12-4-15 was heavy and by no means clean, I got up super early so I could shoot my buddy Mike before he had to go to work. I didn’t sleep well but I was so excited from the amazing shots I got the day before, that I got greedy for more.
Protocol on bigger days is to go surfing first for 30-60 minutes to make sure it’s safe to go shoot. You have to understand that Hawaii is an Island Chain in the middle of the Pacific Ocean Winds, Swells, Tides all drastically change from day to day. I thought because the swell size was dropping from Wednesday to Thursday that I could just swim out without studying the break. I quickly realized I made a mistake and the safest place was to get outside where the waves were breaking.
The swell from early this week was fading and a more Northerly swell was arriving. The problem with this new swell was it was closing out the channel (the safe area, just outside the breaking waves). This new pattern of churning water was also sucking me outside into the breaking waves. If I took a second to look at the water before I swam out I would have realized I shouldn’t have gone out.
The Channel is normally just past these rocks, I should have noticed that it was churning White Water but I was too busy checking my settings taking photos of my friend entering the water.
This was the first wave my friend caught or didn’t.
There was only one other surfer (Kenny?) and a bodyboarder out. Since it was such a workout trying to follow my friend it was hard to stay in position take photos of anyone else. Examples of being to far away and too close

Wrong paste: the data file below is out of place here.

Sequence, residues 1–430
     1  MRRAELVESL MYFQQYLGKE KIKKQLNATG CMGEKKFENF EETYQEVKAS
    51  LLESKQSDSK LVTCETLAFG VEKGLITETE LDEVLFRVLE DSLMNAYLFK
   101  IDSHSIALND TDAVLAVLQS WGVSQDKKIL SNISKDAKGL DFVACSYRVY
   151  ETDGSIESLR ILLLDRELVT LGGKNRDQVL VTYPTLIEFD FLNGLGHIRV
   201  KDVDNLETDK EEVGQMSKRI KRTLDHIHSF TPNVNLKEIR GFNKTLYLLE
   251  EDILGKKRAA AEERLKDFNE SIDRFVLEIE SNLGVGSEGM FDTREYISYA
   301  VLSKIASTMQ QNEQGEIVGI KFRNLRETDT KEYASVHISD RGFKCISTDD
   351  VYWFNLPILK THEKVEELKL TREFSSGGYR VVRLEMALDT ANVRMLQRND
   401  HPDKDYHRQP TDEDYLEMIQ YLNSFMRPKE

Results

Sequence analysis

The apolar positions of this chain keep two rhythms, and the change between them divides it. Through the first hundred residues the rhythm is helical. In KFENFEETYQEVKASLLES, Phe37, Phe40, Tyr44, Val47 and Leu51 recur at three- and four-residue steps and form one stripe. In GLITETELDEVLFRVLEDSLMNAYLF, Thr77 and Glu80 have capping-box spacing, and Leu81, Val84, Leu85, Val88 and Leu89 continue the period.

Somehow I did manage to take a great sequence of my friend but this would be the last picture I took that day. I took a massive beating by the next wave, then tried to get in and couldn’t so I swam back outside waited for my friend and asked him if he could help get me back to the shore. I was freaked out and needed help. I’m grateful for good friends. Thanks Mike
I love these types of days! When the ocean shows us just how small we are. I’ll let the pictures dictate the size of the day and assure you it always seems bigger when you are swimming in it.
I went surfing before I brought my camera out, I needed to know I could get in and out safely and that there were quality surfers in the water worth the swim (you really can’t tell from the beach). Big Thanks to Zack Howard (http://www.zackhowardsurf.com). I had to ask him to stay out for at least an hour (he was one of the only shortboards killing it outside), here is a guy I’ve never met before and I’m asking him for favors…
I used my 70-200MM Lens for the first time today, it was a little weird not using a wide angle lens and sitting 20-30 feet away from the surfers. But it was the right call to make on a day this sized. Not going to say I mastered it on the first day but I can see a lot of potential adding this lens to my arsenal.
You needed power, speed, and commitment just to drop in on these waves. It was so hard not getting hung up on the lip, the wind coming off the face of the wave was intense.
Believe it or not, this guy was not caught inside. The wave was just imploding on the shallow reef behind him…
I actually had some issues with being too close at 70mm and I would get this blurred out foreground if I didn’t hold the lens away from water…
I couldn’t believe how clear this lens is… I don’t use a full frame camera in the ocean (Nikon d300s) but I bought this lens (70-200MM F/2.8 ED VR II) with the hopes of upgrading and seeing this is making my pockets shake…